21 November 2017
New South Wales is adopting greater transparency in its planning rules with the passing of the Environmental Planning and Assessment Bill. The Bill was passed by both houses of Parliament on 15 November 2017 and is currently awaiting Royal assent. The Bill was passed without amendment meaning the new provisions will come into force in the same form they appeared in the Bill as originally introduced.
Key amendments include:
The Bill introduces a new Part 2, which is intended to consolidate provisions relating to planning decision-makers under the Act, as well as introducing new mandatory community participation requirements for planning authorities.
Community participation plans
All planning authorities under the Act, including local councils and NSW development agencies that are designated planning authorities under the Act, will be required to develop a community participation plan which outlines how they will engage with the public in planning and development decisions.
Mandatory community participation requirements
The new Schedule 1 to the Act sets out the mandatory community participation requirements, including mandatory public exhibition periods for prescribed plans, development applications and development consents.
Schedule 1 also introduces mandatory public notification of decisions and reasons for decisions. The notification must include:
Decisions of Sydney district and regional planning panels, and local planning panels, are protected from automatic invalidity if they fail to comply with the requirement to publish the reasons or all of the reasons for a decision. However, there is no caveat against invalidity for a failure to adequately address how community views were taken into account.
There is also no protection against invalidity risk arising from a failure by the Independent Planning Commission (formerly known as the Planning and Assessment Commission), the Minister or Councils to comply with either requirement.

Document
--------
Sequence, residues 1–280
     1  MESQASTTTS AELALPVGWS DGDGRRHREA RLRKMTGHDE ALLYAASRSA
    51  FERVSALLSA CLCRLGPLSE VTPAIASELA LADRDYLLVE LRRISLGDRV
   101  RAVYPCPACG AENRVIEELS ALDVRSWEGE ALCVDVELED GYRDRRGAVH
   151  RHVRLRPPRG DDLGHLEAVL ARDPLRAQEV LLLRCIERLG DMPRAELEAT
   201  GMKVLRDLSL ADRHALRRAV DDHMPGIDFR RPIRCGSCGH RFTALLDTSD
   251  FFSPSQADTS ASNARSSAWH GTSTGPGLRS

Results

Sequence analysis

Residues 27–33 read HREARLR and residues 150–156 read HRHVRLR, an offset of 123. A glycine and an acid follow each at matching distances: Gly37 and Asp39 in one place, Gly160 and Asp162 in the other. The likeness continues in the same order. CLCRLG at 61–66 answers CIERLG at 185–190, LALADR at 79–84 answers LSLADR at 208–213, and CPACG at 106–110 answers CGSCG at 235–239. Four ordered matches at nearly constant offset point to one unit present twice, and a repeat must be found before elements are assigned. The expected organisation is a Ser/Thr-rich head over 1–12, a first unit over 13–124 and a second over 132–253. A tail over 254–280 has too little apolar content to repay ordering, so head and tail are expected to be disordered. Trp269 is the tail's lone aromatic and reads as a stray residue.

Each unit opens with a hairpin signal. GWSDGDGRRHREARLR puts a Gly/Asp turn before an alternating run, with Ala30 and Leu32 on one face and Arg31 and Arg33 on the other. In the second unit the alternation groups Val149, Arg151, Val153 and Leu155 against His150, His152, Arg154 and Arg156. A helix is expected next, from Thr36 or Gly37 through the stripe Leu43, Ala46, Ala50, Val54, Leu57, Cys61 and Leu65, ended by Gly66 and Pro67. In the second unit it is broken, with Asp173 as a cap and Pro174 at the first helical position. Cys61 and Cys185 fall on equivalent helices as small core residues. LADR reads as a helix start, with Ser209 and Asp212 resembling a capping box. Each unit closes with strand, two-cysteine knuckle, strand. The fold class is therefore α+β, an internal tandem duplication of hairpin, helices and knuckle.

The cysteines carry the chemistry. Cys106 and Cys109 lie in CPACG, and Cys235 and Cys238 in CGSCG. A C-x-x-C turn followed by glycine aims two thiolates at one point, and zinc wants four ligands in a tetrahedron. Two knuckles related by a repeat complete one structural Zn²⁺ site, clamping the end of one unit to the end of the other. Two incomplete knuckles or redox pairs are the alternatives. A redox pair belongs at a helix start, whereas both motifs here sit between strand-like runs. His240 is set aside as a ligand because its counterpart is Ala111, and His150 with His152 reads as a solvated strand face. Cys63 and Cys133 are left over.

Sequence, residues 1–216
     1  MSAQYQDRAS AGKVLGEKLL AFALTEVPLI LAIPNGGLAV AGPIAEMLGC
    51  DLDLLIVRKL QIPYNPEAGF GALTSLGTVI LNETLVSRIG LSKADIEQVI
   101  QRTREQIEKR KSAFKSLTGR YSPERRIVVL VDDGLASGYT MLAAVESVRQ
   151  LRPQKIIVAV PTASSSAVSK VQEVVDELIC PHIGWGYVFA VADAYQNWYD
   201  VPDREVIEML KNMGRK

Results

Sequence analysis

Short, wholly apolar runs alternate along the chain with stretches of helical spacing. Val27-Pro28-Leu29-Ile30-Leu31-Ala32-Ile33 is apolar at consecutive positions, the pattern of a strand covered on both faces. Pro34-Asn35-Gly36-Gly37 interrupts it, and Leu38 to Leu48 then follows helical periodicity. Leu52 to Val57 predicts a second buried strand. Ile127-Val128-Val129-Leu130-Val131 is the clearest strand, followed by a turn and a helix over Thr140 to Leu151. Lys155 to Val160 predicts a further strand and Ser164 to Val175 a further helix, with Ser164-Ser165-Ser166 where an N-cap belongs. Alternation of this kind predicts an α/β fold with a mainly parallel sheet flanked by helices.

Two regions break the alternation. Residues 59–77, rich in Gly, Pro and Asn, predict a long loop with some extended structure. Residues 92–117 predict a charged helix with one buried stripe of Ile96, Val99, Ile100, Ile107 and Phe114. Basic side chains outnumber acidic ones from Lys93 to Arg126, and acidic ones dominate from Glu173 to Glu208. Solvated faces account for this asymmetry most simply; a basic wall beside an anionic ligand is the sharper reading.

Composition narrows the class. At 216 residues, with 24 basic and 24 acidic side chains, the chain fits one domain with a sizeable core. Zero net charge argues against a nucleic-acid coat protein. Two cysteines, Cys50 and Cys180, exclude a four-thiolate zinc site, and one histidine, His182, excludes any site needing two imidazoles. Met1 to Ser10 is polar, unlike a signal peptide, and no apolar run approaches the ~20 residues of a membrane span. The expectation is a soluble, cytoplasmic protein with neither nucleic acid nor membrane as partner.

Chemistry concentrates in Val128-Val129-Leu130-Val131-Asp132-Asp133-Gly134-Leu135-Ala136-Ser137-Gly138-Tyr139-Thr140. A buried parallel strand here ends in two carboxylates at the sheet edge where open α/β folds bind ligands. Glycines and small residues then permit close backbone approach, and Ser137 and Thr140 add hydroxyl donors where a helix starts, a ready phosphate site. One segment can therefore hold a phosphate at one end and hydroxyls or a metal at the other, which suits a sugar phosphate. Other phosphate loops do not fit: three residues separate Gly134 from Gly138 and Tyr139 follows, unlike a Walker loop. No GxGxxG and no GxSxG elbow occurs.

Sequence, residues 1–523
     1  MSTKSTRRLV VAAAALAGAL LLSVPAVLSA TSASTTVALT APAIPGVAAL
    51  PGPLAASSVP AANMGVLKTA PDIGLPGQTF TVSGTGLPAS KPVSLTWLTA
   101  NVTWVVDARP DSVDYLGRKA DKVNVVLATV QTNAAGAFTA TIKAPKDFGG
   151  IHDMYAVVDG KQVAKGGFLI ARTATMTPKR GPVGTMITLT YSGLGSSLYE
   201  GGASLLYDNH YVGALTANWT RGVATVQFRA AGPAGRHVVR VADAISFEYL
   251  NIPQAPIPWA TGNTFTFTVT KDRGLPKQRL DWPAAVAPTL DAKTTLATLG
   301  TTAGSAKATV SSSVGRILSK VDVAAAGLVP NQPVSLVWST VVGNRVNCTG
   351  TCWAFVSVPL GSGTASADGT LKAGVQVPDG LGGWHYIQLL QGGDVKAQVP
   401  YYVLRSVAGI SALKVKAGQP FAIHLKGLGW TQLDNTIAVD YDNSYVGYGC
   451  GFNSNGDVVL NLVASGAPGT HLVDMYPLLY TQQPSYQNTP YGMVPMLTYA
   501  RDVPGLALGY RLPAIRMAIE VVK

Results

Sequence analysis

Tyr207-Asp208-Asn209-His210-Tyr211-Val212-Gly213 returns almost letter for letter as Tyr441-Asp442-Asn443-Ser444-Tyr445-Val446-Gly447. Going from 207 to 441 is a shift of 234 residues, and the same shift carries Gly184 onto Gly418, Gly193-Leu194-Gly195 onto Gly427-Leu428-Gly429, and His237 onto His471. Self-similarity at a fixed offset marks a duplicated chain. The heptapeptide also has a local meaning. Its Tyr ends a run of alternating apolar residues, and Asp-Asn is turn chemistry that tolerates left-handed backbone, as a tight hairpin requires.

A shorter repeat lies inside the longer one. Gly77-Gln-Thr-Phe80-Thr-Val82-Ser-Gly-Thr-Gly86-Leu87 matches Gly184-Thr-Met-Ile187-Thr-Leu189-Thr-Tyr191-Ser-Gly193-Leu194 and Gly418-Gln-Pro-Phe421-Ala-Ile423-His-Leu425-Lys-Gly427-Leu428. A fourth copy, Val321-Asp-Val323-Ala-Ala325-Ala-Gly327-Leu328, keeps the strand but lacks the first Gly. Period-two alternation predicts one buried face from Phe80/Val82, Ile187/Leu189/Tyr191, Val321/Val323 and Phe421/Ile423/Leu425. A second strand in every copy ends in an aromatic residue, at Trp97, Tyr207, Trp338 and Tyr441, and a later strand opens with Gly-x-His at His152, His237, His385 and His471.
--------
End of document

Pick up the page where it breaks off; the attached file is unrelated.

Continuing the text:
Local councils are required to develop and publish LSPS’, separate to LEPs. The LSPS’ are intended to bridge the disconnect between regional and district plans and strategic planning at the local level, and the legal development controls within LEPs. LSPS’ are to:
Development consents will now be of no effect where legal proceedings challenging the validity of the approval are commenced until such time as the proceedings are determined (so as to confirm the validity of the consent) or discontinued. This is a change from the current position where development consents are valid until declared invalid. Development consents will now also only have effect on their registration on the NSW planning portal.
The Planning Secretary may now act on behalf of an approval body under other legislation, in the case of integrated development, to determine whether or not the approval body will grant the approval, or of the general terms of its approval (e.g. where the approval body fails to make a determination or there is an inconsistency between the terms or approval of two approval bodies).
Consent authorities are now also required to take into account the reasons given by a consent authority in an original grant of consent in determining a modification application.
The Bill consolidates provisions that regulate building and subdivision certification which are currently in Parts 4, 4A and 8 of the Act, as a result of recommendations from the independent review of the Building Professionals Act.
New provisions have also been inserted to, amongst a number of other things, enable:
A transparent, simplified and consolidated planning system is essential to an effective planning and development regulatory environment. The Bill introduces amendments which assist to rationalise, consolidate and simplify various provisions relating to the administration of the Act and the planning bodies administering it, as well as increasing the Government’s focus on strategic planning.
However, there are concerns that some amendments, particularly those surrounding mandatory community participation requirements, may create new and increased risks of administrative appeals. This may impact the feasibility of projects as a result of delays and uncertainty arising from legal challenges.
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